Calvinist blogger Steve Hays has a long list of people he needs to monitor on a regular basis and I’m apparently on that list. Every few weeks, he seems to make a point of commenting on one of my articles or tweets. I wrote a reply to him last week and of course, he needed to reply. But in this case, I can’t help but respond to his hamfisted heresy hunting analysis.
The background for this discussion is the fact that I pointed out that young earth creationists who insist their beliefs are necessary for faithful Christian witness thereby place an unnecessary stumbling block in the way for Christians. Here is Hays’ stinging reply:
“Just to put things in context, part of Rauser’s schtick is to say we shouldn’t create unnecessary stumbling blocks that drive people away from Christianity or deter them from considering it in the first place. And it just so happens that the list of unnecessary stumbling blocks always lines up with what progressive theologian Randal Rauser doesn’t believe in. What a coincidence! And by yet another amazing coincidence, he never classifies his progressive theology or ideology as an unnecessary stumbling block, even though progressive theology and ideology constitute a turnoff for many people.” (source)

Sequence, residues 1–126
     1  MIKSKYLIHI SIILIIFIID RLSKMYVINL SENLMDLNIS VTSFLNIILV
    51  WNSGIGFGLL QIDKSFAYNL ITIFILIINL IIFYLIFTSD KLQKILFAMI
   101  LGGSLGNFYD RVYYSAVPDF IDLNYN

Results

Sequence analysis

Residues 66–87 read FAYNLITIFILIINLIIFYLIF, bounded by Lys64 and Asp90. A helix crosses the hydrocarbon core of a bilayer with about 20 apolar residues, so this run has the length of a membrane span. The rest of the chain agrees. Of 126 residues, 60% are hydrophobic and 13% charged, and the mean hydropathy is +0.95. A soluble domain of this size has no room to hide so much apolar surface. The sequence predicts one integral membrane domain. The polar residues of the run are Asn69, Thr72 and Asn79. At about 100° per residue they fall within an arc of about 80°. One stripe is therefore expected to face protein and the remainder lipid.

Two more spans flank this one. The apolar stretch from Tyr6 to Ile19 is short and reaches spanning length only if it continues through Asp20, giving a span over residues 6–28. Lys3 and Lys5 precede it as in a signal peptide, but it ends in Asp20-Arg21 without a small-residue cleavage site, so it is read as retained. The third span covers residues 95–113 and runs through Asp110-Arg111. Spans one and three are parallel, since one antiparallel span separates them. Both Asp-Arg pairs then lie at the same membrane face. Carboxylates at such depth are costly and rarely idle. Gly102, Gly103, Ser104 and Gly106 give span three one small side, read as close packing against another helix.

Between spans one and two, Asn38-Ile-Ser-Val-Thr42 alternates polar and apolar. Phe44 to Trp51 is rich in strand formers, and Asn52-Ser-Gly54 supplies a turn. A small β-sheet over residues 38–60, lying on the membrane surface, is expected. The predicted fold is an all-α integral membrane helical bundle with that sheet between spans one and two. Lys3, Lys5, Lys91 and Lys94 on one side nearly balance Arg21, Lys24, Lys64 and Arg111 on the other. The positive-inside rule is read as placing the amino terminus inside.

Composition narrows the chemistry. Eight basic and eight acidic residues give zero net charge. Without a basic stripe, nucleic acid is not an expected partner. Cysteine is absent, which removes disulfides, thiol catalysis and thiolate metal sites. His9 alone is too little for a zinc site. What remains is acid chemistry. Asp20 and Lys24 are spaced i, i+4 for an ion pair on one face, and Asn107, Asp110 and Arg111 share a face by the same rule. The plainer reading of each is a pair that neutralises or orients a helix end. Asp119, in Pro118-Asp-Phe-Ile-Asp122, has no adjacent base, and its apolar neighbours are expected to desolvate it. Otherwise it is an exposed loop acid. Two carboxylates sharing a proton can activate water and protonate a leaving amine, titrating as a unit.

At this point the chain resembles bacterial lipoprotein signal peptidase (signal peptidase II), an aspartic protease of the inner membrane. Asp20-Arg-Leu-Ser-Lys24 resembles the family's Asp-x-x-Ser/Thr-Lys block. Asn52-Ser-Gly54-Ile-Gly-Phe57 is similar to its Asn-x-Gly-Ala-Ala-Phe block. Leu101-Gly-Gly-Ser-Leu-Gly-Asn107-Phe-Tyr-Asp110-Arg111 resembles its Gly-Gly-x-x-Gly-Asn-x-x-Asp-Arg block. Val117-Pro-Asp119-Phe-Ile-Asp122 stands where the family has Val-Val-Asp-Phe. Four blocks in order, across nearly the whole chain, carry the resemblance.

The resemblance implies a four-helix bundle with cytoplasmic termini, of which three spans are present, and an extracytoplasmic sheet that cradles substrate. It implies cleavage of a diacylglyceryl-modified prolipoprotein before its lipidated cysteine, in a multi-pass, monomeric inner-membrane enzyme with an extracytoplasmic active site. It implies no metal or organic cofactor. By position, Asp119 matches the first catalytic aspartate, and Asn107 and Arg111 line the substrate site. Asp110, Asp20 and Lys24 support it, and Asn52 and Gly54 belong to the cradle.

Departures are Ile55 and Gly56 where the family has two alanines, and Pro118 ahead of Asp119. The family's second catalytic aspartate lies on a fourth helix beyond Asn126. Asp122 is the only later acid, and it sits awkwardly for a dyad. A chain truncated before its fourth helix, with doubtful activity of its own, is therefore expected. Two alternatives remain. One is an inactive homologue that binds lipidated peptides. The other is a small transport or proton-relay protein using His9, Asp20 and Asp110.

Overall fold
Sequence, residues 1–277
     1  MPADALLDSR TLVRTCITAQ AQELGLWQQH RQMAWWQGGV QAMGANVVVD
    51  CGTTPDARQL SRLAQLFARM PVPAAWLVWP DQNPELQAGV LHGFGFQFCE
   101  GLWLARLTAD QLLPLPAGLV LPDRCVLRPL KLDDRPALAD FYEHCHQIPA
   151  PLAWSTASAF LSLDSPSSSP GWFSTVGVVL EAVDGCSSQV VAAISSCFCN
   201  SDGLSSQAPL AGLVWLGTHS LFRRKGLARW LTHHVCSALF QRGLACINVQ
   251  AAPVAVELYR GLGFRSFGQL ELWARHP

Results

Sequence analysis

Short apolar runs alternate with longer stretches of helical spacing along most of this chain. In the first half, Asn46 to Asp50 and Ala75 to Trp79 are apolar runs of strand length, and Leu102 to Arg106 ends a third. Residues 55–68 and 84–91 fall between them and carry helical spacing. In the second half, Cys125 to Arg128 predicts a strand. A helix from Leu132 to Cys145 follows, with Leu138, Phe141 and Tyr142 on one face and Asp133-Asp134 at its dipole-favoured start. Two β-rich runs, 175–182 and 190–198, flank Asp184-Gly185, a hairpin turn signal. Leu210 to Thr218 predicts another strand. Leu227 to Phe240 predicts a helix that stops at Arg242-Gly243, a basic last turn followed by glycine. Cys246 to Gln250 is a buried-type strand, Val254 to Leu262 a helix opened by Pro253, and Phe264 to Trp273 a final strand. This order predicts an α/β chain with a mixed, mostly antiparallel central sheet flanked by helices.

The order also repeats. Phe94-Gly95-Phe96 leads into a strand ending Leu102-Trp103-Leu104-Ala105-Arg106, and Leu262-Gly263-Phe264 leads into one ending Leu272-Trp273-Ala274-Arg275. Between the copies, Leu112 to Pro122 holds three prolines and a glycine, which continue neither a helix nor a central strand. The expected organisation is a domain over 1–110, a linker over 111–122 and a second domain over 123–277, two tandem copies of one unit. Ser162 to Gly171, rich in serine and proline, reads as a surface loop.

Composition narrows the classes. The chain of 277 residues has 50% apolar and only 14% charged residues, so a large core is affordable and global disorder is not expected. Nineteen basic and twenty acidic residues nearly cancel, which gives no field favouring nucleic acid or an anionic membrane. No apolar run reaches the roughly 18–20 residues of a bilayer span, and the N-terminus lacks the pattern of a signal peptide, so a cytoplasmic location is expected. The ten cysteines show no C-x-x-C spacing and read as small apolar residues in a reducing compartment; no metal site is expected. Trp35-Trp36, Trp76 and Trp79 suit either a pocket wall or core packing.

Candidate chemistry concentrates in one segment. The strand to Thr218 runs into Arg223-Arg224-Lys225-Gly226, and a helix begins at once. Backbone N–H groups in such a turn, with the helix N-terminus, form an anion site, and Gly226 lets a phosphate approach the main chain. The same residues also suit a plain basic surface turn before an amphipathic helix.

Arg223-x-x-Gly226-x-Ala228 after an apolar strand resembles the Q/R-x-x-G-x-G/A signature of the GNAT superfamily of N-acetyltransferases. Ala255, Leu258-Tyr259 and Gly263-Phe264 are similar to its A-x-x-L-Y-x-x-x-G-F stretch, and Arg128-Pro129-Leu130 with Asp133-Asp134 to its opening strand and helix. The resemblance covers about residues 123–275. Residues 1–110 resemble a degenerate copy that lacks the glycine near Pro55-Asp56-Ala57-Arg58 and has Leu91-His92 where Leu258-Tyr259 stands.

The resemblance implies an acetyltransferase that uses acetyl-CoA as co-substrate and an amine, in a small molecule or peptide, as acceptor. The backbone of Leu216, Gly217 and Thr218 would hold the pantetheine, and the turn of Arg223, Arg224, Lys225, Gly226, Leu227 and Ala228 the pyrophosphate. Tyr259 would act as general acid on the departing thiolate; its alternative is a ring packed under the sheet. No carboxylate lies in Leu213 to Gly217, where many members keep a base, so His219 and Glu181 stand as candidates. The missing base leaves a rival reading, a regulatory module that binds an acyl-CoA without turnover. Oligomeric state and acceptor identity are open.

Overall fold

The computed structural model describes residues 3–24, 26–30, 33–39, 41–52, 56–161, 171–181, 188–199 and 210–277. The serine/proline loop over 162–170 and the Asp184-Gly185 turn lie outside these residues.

There are two points in Hays’ comments. Let’s take them in turn.
To begin with, I have never claimed that my “progressive theology or ideology” (whatever that is supposed to be) should be considered a necessary stumbling block for Christian witness. On the contrary, I’ve repeatedly defended alternative views (e.g. Roman Catholicism, open theism, and Hays’ own Calvinism) as fully consistent with mere Christianity and faithful Christian witness. Given that Hays regularly monitors me and thus he must be aware of what I’ve written, I’m forced to conclude that either we label him an egregiously inept reader or a liar.
Now let’s turn to the first bit. Hays suggests that it is somehow problematic that my beliefs about which stumbling blocks are unnecessary just happens to line up with what I believe Christianity to be. So, for example, I believe that young earth creationism is false and so I conclude that it is unnecessary.
Er, okay, but so what? Hays thinks he made some incisive observation here but in actuality, it is wholly trivial. It’s trivially the case that each individual will distinguish necessary from unnecessary stumbling blocks based on their beliefs about which doctrines are essential to mere Christianity (i.e. the dogmas) and which are non-essential (i.e. theologoumena; adiaphora).
It takes a particularly hamfisted heresy hunter, somebody like Steve Hays, to take a trivial and universally applicable fact and try to spin it into an indictable offense for his perceived enemies. Sadly, Hays is so focused on attacking others that he has not only sacrificed critical nuance and charity in reading his enemies but he has even lost sight of basic consistency and self-awareness.
I recognize that Hays seems to feed off conflict and will likely use this article as more fuel to write articles against his enemies. I can’t change that fact, so instead, I offer this commentary as a salutary warning for the rest of us lest we too fall into the trap of becoming a hamfisted heresy hunter.